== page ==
Army infantry recruits crawl under barbed wire as part of the confidence course on Fort Benning, Georgia, March 29, 2023.

Army infantry recruits crawl under barbed wire as part of the confidence course on Fort Benning, Georgia, March 29, 2023. U.S. Army / Christopher Hurd

Army launches second phase of ad campaign amid recruiting slump

New ads continue Army’s focus on the needs of Gen-Z.

The Army launched the second wave of its advertising push to boost recruitment numbers on Monday, building on its March re-launch of its 1980s “Be All You Can Be” slogan. 

The ad push comes as the Army continues to struggle to hit its recruiting goals amid what Army Secretary Christine Wormuth has called the “most challenging recruitment environment in years.” 

The Army fell short by 25 percent of its goal of recruiting 60,000 soldiers last year, and will likely fall short of its goal of 65,000 recruits for this year, Wormuth told Congress in May. 

The ads released Monday and dubbed the “First Steps” campaign, feature three videos showing recruits parting from their families to go to training, learning tank gunnery, and graduating from training. 

The films collectively are intended to increase the Army’s “relatability,” one of several areas Army research said is important for attracting Gen-Z recruits. Other focus areas include knowledge, culture, and trust, Acting Chief of Army Enterprise Marketing Ignatios Mavridis told Defense One.

The videos feature a diverse range of Americans, and will also be broadcast in Spanish. “We want America's Army to look like America,” Mavridis said.

Mavridis expects to see initial results from the “First Steps” campaign sometime in December or January. The metric of success will be how many people supply their information to the military for further contact, such as submitting their email to the Army recruiting website or giving their phone number to a recruiter.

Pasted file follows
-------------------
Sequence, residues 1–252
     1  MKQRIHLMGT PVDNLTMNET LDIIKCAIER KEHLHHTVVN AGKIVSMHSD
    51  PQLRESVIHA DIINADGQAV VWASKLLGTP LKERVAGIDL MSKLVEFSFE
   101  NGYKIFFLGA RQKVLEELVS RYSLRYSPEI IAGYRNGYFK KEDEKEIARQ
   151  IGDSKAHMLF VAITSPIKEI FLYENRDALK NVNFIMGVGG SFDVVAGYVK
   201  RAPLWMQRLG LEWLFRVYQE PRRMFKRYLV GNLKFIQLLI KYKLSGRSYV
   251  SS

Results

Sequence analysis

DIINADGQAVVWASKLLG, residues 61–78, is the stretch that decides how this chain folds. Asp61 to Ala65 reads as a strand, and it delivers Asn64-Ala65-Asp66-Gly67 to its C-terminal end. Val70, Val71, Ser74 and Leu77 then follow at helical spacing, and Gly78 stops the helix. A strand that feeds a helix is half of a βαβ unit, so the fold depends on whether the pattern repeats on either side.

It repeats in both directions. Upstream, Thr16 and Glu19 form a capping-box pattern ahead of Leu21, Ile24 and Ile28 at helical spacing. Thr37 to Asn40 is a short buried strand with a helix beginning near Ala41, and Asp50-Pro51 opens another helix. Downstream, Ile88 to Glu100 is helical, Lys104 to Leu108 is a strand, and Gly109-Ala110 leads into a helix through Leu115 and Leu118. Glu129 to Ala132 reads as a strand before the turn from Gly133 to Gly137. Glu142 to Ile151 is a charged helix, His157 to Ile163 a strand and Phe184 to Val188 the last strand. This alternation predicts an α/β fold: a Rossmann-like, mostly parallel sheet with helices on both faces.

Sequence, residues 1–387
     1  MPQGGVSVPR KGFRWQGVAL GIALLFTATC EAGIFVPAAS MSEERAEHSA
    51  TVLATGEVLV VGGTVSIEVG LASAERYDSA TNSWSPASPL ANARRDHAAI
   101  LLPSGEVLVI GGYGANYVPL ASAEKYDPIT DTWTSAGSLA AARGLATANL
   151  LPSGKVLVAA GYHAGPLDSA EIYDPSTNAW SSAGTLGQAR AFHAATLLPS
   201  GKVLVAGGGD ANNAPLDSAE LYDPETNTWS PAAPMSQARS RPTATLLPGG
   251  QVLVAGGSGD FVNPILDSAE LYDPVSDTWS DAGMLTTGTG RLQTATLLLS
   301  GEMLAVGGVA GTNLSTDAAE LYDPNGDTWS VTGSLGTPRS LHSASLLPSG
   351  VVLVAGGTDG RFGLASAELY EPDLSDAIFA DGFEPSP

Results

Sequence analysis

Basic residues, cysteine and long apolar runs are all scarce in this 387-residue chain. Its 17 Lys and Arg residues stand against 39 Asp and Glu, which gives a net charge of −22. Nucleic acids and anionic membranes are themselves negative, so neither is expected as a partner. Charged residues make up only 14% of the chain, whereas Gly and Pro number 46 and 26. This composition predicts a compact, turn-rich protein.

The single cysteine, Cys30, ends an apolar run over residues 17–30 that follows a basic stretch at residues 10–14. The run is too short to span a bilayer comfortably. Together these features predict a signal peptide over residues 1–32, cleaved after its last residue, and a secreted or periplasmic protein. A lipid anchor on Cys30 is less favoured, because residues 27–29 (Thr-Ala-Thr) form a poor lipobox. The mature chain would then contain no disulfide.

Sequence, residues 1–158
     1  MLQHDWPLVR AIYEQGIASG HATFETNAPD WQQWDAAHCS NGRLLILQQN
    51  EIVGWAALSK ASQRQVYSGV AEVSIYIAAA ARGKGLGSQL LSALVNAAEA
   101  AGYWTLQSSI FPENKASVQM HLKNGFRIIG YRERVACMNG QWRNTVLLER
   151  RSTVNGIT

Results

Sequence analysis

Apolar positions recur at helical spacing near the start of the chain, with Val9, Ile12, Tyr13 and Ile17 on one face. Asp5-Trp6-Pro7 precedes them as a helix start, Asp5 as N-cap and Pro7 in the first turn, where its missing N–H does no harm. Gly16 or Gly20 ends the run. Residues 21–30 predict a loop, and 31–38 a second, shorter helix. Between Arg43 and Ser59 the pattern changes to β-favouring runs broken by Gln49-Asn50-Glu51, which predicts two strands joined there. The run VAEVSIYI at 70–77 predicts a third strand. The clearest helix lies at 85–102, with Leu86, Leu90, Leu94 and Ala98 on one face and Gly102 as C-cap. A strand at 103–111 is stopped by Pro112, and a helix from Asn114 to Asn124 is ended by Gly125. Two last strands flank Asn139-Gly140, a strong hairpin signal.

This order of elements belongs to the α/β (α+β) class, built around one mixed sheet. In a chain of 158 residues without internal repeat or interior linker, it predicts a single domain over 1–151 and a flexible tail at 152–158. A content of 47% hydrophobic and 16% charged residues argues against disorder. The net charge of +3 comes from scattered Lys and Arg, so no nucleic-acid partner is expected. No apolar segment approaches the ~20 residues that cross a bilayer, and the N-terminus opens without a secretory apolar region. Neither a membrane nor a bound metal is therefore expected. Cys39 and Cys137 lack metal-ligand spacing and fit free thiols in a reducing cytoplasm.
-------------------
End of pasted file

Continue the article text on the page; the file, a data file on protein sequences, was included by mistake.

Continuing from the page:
The previously released “Be All You Can Be” campaign, aired in March, has been a success, Mavridis said. According to Army data, the campaign led to a 78 percent increase in brand recall, a marketing term that refers to the degree to which an individual remembers an organization. 

The March campaign originally featured actor Jonathan Majors, but the Army pulled those ads just days after airing them and replaced them with others when Majors was accused of domestic violence. Mavridis said the Army will not re-air the ads. 

The Army’s recruiting crisis is balanced by the Army’s generally high retention rate, but the shortfalls are nevertheless pushing the Army to consider reducing its number of units. That may include a restructuring of Army special operation forces, whose utility has faded as the U.S. winds down its once heavy focus on counter-terrorism operations, Wormuth told Army Times in June. 

To combat the shortfall, the Army moved up its “Be All You Can Be” campaign by five months and has launched a number of initiatives, including a focus on 15 cities and programs aimed at helping otherwise eligible candidates meet physical and testing requirements. 

So far, Army recruitment efforts appear to be having a positive effect: Army Chief of Staff Gen. James McConville said numbers to date have so far been better than last year.